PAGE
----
How heart patients can help themselves - just like that

Stroke patient Pamela Hammond
Image caption Pamela Hammond regrets not taking blood-pressure medication which would have prevented her stroke

Pamela Hammond thought she knew her body; she knew when she was ill.

Pamela Hammond was wrong.

Walking to work one day, her legs gave way and she realised she was having a stroke.

"I felt the first niggle of a headache coming on and then before I knew it, my legs had given out from under me. It came on so fast it was was like a bolt of lightning."

Pamela, from Yateley, in Hampshire, said had been warned in the months before to do something about her high blood pressure, but decided to not take any medication.

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Media captionThe British Heart Foundation advert featuring Tommy Cooper

She said: "I knew that high blood pressure wasn't a good thing, but I felt well."

It is a decision she now regrets, although she also feels grateful that it was not worse.

"I am not quite as dexterous with my left hand now and I've got a little bit of a gammy leg and can't walk quite as fast. But compared with what can happen because of a stroke, I know I am hugely lucky."

Her story is not unusual.

'Just like that'

A third of people with high cholesterol fail to take their medication, increasing their risk of heart attacks and strokes, according to the British Heart Foundation.

Pamela was 57 when she had a stroke. She admitted: "It's so easy to see with hindsight that of course I should have got medication.

"I thought I was different. I thought I'd know my body and I'd know when I'm ill. But I'm proof now that I didn't."

It is stories like Pamela's that have prompted the British Heart Foundation to launch a campaign to encourage to take their drugs.

It will feature comedian Tommy Cooper, who died on stage from a heart attack. His catchphrase "Just like that" will be used in leaflets, magazines and radio adverts.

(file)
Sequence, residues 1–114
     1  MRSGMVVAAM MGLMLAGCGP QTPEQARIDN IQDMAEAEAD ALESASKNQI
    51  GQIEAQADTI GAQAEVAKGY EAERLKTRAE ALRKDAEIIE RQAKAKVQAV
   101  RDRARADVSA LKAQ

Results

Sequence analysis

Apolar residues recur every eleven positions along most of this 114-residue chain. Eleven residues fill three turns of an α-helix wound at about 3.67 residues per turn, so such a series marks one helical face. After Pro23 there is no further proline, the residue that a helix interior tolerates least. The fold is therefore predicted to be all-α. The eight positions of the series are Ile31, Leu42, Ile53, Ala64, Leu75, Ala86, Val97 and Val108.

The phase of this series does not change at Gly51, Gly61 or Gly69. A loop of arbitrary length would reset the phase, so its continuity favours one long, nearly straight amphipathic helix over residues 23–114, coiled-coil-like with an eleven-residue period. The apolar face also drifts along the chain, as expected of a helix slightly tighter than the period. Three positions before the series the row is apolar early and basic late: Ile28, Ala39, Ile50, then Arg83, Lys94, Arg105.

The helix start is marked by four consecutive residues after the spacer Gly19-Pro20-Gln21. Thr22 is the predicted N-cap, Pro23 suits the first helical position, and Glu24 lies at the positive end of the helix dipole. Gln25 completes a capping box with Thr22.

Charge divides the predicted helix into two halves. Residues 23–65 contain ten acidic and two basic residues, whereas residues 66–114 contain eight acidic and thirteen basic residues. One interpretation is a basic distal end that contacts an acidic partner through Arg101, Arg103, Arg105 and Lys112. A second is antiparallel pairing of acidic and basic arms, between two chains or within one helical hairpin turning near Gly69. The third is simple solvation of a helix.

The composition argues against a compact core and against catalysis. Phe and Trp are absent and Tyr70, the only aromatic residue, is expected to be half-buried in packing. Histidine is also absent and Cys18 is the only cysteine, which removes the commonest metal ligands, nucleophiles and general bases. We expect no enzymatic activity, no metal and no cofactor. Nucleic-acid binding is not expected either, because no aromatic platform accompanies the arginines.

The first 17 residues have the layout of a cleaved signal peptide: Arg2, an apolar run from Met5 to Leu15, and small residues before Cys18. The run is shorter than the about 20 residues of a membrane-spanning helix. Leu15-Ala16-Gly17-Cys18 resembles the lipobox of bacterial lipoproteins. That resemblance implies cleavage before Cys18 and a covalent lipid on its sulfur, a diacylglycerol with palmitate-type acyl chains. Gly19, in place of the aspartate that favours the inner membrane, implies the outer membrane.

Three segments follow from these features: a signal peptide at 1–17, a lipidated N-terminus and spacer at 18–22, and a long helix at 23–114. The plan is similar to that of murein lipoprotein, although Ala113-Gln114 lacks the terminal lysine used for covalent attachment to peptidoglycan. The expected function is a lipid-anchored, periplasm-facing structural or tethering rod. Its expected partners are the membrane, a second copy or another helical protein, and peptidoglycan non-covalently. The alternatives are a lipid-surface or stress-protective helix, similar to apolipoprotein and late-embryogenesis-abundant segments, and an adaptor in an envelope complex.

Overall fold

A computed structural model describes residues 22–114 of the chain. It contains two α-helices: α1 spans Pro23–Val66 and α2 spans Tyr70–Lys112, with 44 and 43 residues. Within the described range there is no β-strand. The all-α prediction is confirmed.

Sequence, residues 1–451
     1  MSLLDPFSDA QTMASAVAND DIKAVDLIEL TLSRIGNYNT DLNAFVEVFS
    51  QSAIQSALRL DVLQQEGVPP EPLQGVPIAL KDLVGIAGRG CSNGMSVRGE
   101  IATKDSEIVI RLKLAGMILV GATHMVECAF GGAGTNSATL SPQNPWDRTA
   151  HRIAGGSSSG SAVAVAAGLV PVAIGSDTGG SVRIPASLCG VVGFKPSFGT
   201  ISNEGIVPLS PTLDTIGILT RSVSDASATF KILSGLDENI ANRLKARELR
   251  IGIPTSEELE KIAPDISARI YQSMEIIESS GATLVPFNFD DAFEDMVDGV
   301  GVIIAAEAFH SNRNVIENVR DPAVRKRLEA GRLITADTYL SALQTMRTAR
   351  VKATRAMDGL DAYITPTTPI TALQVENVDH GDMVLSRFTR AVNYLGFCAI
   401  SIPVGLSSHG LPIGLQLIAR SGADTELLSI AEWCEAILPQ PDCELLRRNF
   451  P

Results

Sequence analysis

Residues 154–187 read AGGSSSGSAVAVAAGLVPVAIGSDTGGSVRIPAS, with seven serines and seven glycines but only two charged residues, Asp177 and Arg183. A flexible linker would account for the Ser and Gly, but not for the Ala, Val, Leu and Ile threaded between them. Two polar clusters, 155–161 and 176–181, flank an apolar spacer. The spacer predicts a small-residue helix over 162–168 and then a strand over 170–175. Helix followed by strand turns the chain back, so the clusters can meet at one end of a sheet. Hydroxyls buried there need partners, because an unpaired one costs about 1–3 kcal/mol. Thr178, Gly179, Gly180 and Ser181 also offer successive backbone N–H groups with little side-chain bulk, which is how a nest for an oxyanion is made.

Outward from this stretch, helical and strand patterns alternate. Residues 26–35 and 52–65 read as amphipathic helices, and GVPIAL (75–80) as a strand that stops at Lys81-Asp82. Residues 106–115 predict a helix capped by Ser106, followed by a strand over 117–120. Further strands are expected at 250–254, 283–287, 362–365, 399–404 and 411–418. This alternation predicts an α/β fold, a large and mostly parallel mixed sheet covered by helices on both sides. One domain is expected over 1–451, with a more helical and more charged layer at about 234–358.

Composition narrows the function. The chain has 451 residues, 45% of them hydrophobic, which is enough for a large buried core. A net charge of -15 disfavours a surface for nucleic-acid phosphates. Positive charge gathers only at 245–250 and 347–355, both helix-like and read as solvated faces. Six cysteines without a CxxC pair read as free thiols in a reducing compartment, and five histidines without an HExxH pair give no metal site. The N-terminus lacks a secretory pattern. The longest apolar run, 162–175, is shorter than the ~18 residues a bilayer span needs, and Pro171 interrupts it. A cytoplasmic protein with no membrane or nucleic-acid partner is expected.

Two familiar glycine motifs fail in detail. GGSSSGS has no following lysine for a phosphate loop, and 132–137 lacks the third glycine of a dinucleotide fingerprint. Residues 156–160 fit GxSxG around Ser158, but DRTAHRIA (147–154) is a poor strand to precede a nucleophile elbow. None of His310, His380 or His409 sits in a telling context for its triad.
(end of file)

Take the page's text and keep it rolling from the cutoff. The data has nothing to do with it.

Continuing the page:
Dangerous game

The British Heart Foundation say that having high cholesterol or high blood pressure are major risk factors for developing heart attacks and strokes.

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Media captionProfessor Anthony Rudd, of St Thomas' Hospital, explains what happens during and after a stroke

It is estimated that 45% of heart attatcks in Western Europe are caused by high cholesterol and 22% by high blood pressure.

They want to remind people how important heart medicines are - even if they feel well and don't have obvious symptoms.

More than 30m people suffer from high cholesterol in the UK - while 14m are affected by high blood pressure.

Neal Patel, from the Royal Pharmaceutical Society, said: "Heart attacks and strokes are life changing, but we know that by taking blood-pressure and cholesterol drugs people can reduce their risk of these events substantially.

"Medicines for high cholesterol and blood pressure often do not make you 'feel better', as these conditions may have no symptoms. But they are working, reducing your risk of heart attack or stroke. "

As for Pamela, she says: "I'm on medication now, and I take it religiously. I leave my pillbox out by the kettle so that when I get up and make my first cup of tea I'm reminded to take my tablets, too."

"I'd say to anyone who's like I was and has been told they need medication to make sure you take it. You're not given it without good reason, and when I think about how long it's taken me to hold a fork again and get dressed by myself, I wish I'd spent those couple of minutes a day taking my tablets."

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